From the grassy knoll at third man came the chant: “Compton, Compton.” It was probably never like that when Denis was swashbuckling to any of his 17 hundreds for England but this is a different age.
Nick, his grandson, is a different batsman too. There is not much of the dash about him but that makes him his own man. His maiden hundred for England was scored with the team deep in adversity, 293 behind on first innings, and desperate for a sound start in the second.
Compton and his captain, Alastair Cook, provided it. They shared a partnership of 231, a record for England’s first wicket against New Zealand. Cook reached his 24th Test hundred but astonishingly was out two overs before the close when England had added three more.
The fourth day of the First Test belonged to Compton. It is always uplifting to see a player score his maiden Test hundred but reluctant though Compton was to dwell on it there was a special resonance about this.
His grandfather was one of the legends of British sport, the first modern superstar, the Brylcreem Boy himself. It was 57 years since he scored his final Test hundred and now there is a new Compo.
The difference in the pair is perhaps embodied in the beginnings of their international careers. Denis played for England in a Test match when he was 19 and was marked out then as a great player. Nick was 29, entering the sportsman’s last chance saloon when he was finally selected last November.
It had taken him a decade of constant hard work, a change of counties, a single-mindedness, maybe even a bloody-mindedness at times to arrive at the point where the selectors concurred with his estimate that he was good enough. In the mind’s eye all Denis’s innings were buccaneering affairs from start to finish and there is a tendency to think that he played some of them while wearing his dinner jacket from the night before.
Nick plodded his way to his hundred over 259 balls, doubtless after an early supper with his father who is in Dunedin for this match. His intensity and tenacity never wavered. Early on he was beaten outside the off stump four times, pushing at balls he should have left alone but he invariably regrouped for the next one.
“It’s the biggest relief of my life,” he said. “To get to this moment was something special and I never thought a year ago, even a couple of months ago that I would be sitting here right now with a hundred. I kept believing but it’s been a long time. I’m just delighted to be here, it’s a strange feeling.”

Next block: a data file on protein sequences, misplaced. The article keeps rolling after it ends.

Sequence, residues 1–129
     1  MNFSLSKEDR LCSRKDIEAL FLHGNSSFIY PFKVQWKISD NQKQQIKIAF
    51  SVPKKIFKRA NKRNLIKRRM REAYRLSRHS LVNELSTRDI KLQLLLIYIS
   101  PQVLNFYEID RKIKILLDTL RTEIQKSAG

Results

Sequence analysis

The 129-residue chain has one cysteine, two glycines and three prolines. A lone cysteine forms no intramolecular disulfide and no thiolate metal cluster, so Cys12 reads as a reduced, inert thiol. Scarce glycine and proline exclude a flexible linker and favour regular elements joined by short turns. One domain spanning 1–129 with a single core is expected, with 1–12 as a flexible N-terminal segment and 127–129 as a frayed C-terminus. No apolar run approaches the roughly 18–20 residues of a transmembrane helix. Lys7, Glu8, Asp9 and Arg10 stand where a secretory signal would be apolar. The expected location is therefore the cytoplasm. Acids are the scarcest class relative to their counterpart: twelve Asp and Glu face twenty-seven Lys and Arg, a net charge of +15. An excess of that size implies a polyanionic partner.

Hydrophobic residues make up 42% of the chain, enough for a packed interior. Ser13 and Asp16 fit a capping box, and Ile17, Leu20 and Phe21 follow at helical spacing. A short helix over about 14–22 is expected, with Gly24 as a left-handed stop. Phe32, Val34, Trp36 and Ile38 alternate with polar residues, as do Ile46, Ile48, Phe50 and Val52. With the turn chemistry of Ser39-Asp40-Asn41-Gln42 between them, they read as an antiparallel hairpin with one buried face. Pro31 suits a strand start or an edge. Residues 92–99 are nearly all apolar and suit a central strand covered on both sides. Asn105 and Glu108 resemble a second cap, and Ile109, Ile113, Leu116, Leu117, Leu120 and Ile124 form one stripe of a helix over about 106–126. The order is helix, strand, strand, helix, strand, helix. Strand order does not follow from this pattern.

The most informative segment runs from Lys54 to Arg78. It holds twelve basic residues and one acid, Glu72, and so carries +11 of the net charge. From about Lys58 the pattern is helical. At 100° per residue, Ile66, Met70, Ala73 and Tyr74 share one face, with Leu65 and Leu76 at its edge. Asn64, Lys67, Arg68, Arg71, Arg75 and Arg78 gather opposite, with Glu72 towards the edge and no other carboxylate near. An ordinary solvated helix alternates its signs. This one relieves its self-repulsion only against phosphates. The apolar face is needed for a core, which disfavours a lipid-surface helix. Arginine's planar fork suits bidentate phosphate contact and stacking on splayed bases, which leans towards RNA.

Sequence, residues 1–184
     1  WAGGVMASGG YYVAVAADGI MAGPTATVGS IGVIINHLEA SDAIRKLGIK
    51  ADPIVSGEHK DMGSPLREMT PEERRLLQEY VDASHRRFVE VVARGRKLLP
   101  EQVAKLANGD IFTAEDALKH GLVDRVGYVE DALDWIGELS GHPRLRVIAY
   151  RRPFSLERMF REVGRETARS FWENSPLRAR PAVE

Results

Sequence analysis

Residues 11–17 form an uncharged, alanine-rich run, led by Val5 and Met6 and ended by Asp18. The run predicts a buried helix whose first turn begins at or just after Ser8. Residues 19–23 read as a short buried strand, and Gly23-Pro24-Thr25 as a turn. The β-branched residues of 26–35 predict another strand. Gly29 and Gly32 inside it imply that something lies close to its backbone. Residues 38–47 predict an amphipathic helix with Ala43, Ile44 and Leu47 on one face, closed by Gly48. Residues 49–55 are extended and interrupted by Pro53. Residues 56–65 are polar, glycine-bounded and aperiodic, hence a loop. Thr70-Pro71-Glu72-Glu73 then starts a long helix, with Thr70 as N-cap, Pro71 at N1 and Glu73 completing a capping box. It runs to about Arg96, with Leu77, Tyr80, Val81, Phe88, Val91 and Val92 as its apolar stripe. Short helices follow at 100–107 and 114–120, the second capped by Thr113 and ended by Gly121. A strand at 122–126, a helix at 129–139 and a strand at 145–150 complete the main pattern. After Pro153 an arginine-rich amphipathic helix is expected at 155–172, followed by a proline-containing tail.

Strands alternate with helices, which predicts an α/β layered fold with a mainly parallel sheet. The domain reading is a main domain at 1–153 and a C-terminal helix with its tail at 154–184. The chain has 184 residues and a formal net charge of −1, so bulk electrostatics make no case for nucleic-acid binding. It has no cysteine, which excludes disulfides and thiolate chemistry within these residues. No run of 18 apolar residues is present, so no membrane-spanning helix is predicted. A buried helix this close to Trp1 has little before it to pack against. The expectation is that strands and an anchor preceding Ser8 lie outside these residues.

After the early sparring against the new ball both openers were seamless. There was no rush, they had nowhere to go but the draw. Through the morning and afternoon and then into the evening, Compton blocked or left.
He cover drove, he square drove off the back foot, he pulled and that was about it. Perhaps the most important stroke was the straight forcing shot for one he played to his first ball. It meant he avoided his second duck of the match, the dreaded pair.
Only in the nineties did he begin to betray what all this meant to him. Twice he dashed for singles that did not properly exist, once almost running out the captain and once almost himself. He spent 40 balls getting from 90 to 100; it was excruciating.
The moment at last came soon after Cook was out with a single pushed to wide mid-wicket. It should have been Captain Cook out there to be first with the congratulations, instead it was the nightwatchman Steve Finn.
Before this Test, the talk had been not of the new Compton but of Joe Root, seven years younger, the coming man. The selectors kept with their man but their man knew the pressure was building.
“I felt like this innings was very important, I needed to pull something out, it was great that I did,” said Compton. I will probably look back and wonder how it happened but I tried to keep my head down and just focus, and keep it very simple.
“It means a huge amount with my dad being there. We have had a few family issues back home and I’m proud to give that to both my parents to take home with them. It’s something I have worked towards for a long time and it’s a great occasion to have him here.”
Compton’s sister, Alex, was paralysed after a car accident six years ago. She was on his mind on this great day as well. And what of Denis? That is for the romantics among us. Nick knew what really mattered.
“I’m not really worried about that,” he said. “It’s nice to do something that my grandfather did sure but right now I’m happy for myself and my family.”
Compton admitted his anxieties after his duck in the first innings and paid generous tribute to Cook for keeping him going. They talked often in the middle and it seems that Cook was reminding Compton of the bigger picture, to wit that England were in a mess.
He may be Denis’s grandson but it was Nick Compton, whose diligence, drive, ambition and perseverance, scored a century to help to save England yesterday. That is why they chanted: “Compton, Compton.” It wasn’t for the Brylcreem Boy.
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